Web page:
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time:2016-12-14 Source:Office of the Attorney General of the Kingdom of Thailand  

I. Introduction


The Office of the Attorney General (OAG) is the principal agency responsible for criminal prosecution, provision of legal advice to state agencies, representation of government in court and for international cooperation in criminal matters. It is also the duty of the OAG to protect civil rights and provide legal aid to the needy. The OAG is an independent agency, not under the control of any ministry, but reports directly to the Justice Minister. The purpose of its independent status is to ensure justice and prevent political influence from interfering with prosecutorial functions. In order to guarantee the independence of public prosecutors, the personnel management is separated from that of civil servants. The personnel management of public prosecutors is the sole responsibility of the Public Prosecutor Commission chaired by a retired senior government official or retired senior public prosecutor elected by public prosecutors nationwide.
The OAG’s vision is to be an intelligent and innovative criminal justice administration organization which represents the state and serves people fairly. The OAG aims to equip and develop personnel with knowledge, skills, competence, responsibility, and integrity to complete all missions and serve people effectively and efficiently


II. History


The history of the Thai public prosecutor can be traced back to the14th century when Ayutthaya was the capital of Thailand. In those days, until the beginning of the Bangkok era, the king appointed an officer to guard the laws as well as to handle the cases and render legal advice to the king. The officer was then known as “the guardian of the laws” in Thai language. In the provinces, officers with similar function known as “Yok-kra-bat” were also appointed to handle criminal cases on behalf of the king and to participate in trials of cases in conjunction with the Provincial Governor. King Rama I, founder of the Chakri dynasty, was Yok-kra-bat of Ratchaburi province before his coronation. All public prosecutors, therefore, respectfully consider him as the “Father of the Thai Public Prosecutor”.
The modern public prosecutor system started when the early system of Yok-kra-bat was replaced by the establishment of the Public Prosecution Department on 1 April 1893. At the beginning, the Public Prosecution Department was part of the Ministry of Justice. Now, the public prosecutors annually celebrate the 1st of April as our establishment day. In 1922, the Department was transferred to be part of the Ministry of the Interior. In 1991, the public prosecutor institution experienced once again major change when the Public Prosecution Department separated from the Ministry of Interior and became an independent agency directly responsible to the Prime Minister. At the same time, the Public Prosecution Department was changed to the Office of the Attorney General to reflect the public prosecutors’ broad scope of functions which are not only criminal prosecution. One of the key purposes of the change was also to guarantee justice and prevent political influence from interfering with the performing prosecutorial function of the public prosecutors.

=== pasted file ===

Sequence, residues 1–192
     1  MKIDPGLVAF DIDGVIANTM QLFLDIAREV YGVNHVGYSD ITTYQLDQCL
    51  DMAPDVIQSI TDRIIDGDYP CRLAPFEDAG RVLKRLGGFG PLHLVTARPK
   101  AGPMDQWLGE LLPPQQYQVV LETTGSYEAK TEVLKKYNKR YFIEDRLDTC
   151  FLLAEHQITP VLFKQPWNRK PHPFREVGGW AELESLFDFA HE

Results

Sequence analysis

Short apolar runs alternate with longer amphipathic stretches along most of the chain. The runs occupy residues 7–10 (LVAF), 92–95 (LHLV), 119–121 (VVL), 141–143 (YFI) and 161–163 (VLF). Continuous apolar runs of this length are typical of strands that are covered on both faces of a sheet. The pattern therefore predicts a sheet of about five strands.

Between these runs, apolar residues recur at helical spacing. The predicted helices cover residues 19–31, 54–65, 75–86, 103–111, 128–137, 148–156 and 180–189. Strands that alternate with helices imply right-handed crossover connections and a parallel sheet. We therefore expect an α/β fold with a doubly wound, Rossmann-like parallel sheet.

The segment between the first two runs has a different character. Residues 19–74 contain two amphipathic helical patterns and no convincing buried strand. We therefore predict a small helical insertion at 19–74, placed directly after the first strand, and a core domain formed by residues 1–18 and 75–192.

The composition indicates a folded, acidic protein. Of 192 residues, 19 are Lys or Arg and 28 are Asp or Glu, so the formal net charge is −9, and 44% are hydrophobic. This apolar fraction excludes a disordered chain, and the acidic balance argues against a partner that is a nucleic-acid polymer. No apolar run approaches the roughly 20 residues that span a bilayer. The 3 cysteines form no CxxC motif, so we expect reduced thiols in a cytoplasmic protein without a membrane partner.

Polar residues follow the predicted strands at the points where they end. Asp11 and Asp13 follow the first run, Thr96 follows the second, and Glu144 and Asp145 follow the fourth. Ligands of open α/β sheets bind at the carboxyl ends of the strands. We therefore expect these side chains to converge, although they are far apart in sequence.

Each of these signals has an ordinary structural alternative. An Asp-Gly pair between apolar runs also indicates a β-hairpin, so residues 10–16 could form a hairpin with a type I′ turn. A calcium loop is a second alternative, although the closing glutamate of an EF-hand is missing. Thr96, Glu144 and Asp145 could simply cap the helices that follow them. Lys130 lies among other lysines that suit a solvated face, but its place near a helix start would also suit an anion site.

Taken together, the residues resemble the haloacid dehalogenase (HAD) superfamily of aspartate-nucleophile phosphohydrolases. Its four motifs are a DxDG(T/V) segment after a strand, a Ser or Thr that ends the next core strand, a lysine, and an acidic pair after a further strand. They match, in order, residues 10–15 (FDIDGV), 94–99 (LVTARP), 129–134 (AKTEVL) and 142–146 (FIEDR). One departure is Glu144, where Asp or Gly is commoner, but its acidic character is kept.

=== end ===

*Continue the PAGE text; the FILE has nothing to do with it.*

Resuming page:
In 2002, there was a general reform of Thai bureaucratic organizations. The Ministry of Justice was restructured to be the principal agency for coordinating the criminal justice process as a whole. The judiciary was separated from the Ministry. Other criminal justice agencies were regrouped and placed under the Ministry of Justice. However, the Office of the Attorney General still holds the status of an independent agency, but is required to report directly to the Justice Minister. The Minister exercises supervisory functions on administrative matters, but not on prosecutors’ discretion in case handling.


III. Authority and Functions 

a) Criminal Justice Administration
i) Investigation